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Harper deserves to be All-Star

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Harper deserves to be All-Star

The notion was first offered about two weeks ago, and it's since picked up considerable steam. There remain 17 days until Major League Baseball announces its 2012 All-Star teams, but let's just say this now for the record.

Bryce Harper deserves to be an All-Star.

And not simply as a token publicity stunt to boost ratings. No, he truly deserves to be named an All-Star.

Start with the raw numbers. Following a monster road trip to Boston and Toronto, Harper now boasts a .303 batting average, seven homers, 19 RBI, a .384 on-base percentage, a .548 slugging percentage and a .933 OPS in 41 games with the Nationals.

The only statistical argument going against Harper is that he hasn't played in enough big-league games yet. And that's true. But he's going to play in a lot more before the Midsummer Classic rosters are announced July 1. In fact, he's on pace to amass enough plate appearances to qualify for league leaderboards in the next 7-to-10 days.

If you've played enough to qualify for the batting title, you've played enough to qualify for the All-Star Game.

And once he does qualify, Harper is going to find his name littered all over the National League offensive leaderboards. His current numbers would rank in the top 10 in on-base percentage, slugging percentage and OPS.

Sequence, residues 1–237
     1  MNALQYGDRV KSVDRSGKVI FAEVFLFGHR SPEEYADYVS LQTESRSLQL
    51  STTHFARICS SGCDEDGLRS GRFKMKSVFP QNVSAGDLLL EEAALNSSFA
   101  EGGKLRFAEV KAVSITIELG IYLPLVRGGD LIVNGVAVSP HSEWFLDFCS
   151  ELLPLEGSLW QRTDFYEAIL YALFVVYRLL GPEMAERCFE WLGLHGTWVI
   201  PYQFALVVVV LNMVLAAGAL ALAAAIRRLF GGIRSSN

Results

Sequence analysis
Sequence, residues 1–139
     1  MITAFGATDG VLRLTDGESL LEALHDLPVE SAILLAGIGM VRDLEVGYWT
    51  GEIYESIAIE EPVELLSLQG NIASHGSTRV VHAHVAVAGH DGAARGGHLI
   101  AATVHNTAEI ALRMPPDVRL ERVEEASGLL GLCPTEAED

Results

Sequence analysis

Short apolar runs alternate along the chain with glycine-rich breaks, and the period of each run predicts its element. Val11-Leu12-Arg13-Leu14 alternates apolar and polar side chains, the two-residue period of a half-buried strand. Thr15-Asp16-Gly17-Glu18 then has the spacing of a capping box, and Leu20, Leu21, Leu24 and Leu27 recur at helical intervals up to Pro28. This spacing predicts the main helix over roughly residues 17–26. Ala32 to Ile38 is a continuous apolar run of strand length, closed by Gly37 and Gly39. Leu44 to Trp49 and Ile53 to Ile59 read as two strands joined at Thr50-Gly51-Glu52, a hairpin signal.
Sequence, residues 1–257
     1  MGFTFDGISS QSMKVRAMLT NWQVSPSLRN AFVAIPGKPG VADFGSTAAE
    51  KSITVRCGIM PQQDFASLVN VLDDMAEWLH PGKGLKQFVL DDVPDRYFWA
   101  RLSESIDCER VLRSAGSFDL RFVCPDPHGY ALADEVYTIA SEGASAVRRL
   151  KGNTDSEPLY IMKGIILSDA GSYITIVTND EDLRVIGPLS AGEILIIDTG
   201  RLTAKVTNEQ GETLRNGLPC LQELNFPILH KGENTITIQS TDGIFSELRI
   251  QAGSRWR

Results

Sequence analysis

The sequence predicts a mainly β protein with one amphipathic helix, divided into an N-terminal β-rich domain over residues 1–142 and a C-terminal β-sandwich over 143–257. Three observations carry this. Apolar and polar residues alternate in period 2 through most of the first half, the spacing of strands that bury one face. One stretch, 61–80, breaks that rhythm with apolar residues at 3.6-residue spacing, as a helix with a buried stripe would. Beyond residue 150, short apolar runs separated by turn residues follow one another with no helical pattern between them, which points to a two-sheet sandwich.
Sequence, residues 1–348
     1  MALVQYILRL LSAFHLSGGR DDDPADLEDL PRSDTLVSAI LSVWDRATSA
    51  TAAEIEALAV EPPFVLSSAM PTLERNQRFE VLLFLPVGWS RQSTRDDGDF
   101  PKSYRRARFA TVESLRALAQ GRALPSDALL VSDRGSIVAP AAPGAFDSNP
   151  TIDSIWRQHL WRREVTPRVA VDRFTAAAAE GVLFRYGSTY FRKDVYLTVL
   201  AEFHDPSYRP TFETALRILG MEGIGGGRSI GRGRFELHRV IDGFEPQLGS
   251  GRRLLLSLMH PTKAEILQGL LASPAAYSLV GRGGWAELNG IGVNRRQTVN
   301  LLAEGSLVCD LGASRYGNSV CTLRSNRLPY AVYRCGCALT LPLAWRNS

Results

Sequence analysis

Harper's merits, though, extend far beyond the numbers. His defensive play has been superb, especially for a rookie who has been asked to bounce between all three outfield positions since he debuted. His baserunning skills and overall hustle have been lauded from every corner of the sport.

Harper's ability to learn on the fly, meanwhile, are second to none. Is there any hitter in baseball -- no matter the age or experience level -- who is able to make in-game adjustments the way Harper does? In his first at-bat against an opposing starter, he's hitting a solid .273 with a .375 on-base percentage and .809 OPS. In his second at-bat against those same starters, he's hitting an incredible .419 with a .500 on-base percentage and 1.468 OPS.

All of that makes Harper worthy of a trip to Kansas City come the second week of July.

But if you needed any more convincing, here it is, plain and simple: Harper right now is the best everyday player on one of the best teams in baseball. Shouldn't that by definition make him an All-Star?

Harper is far from the only deserving player off the Nationals' roster. For the first time since it arrived in town, this franchise merits at least three (perhaps more) All-Stars, with co-aces Stephen Strasburg and Gio Gonzalez at the top of the list. Cases can also be made for Jordan Zimmermann, Edwin Jackson, Tyler Clippard, Ian Desmond and Adam LaRoche.

But with each passing day, it becomes more and more obvious that Harper has as strong a case as anyone for an All-Star berth.

Not because of his star power. But because he truly deserves to share the field with baseball's very best.

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Will Mike Rizzo continue to shape the Nationals? The Junkies believe he's too valuable to lose

Will Mike Rizzo continue to shape the Nationals? The Junkies believe he's too valuable to lose

Bryce Harper, Daniel Murphy, Gio Gonzalez and Matt Wieters aren't the only important guys within the Nationals organization becoming free agents in 2019.

President of baseball operations and general manager Mike Rizzo is also becoming a free agent when his contract expires on October 31st.